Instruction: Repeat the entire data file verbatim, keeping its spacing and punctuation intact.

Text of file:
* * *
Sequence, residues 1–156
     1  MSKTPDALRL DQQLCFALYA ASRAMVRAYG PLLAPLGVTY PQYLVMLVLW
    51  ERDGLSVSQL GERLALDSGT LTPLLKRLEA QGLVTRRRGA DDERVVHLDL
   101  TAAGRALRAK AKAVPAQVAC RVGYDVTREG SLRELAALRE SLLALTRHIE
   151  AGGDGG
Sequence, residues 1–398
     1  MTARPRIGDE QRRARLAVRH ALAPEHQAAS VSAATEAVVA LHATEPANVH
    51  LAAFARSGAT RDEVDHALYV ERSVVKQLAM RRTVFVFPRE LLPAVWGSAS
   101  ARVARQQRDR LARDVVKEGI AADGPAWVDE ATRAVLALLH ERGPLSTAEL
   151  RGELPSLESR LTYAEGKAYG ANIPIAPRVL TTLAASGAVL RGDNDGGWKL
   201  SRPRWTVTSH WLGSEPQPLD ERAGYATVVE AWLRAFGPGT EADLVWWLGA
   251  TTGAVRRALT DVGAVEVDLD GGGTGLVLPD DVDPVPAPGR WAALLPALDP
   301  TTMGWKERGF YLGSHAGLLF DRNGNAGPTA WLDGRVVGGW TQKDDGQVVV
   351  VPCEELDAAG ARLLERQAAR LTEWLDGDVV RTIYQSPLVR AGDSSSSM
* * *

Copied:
Sequence, residues 1–156
     1  MSKTPDALRL DQQLCFALYA ASRAMVRAYG PLLAPLGVTY PQYLVMLVLW
    51  ERDGLSVSQL GERLALDSGT LTPLLKRLEA QGLVTRRRGA DDERVVHLDL
   101  TAAGRALRAK AKAVPAQVAC RVGYDVTREG SLRELAALRE SLLALTRHIE
   151  AGGDGG
Sequence, residues 1–398
     1  MTARPRIGDE QRRARLAVRH ALAPEHQAAS VSAATEAVVA LHATEPANVH
    51  LAAFARSGAT RDEVDHALYV ERSVVKQLAM RRTVFVFPRE LLPAVWGSAS
   101  ARVARQQRDR LARDVVKEGI AADGPAWVDE ATRAVLALLH ERGPLSTAEL
   151  RGELPSLESR LTYAEGKAYG ANIPIAPRVL TTLAASGAVL RGDNDGGWKL
   201  SRPRWTVTSH WLGSEPQPLD ERAGYATVVE AWLRAFGPGT EADLVWWLGA
   251  TTGAVRRALT DVGAVEVDLD GGGTGLVLPD DVDPVPAPGR WAALLPALDP
   301  TTMGWKERGF YLGSHAGLLF DRNGNAGPTA WLDGRVVGGW TQKDDGQVVV
   351  VPCEELDAAG ARLLERQAAR LTEWLDGDVV RTIYQSPLVR AGDSSSSM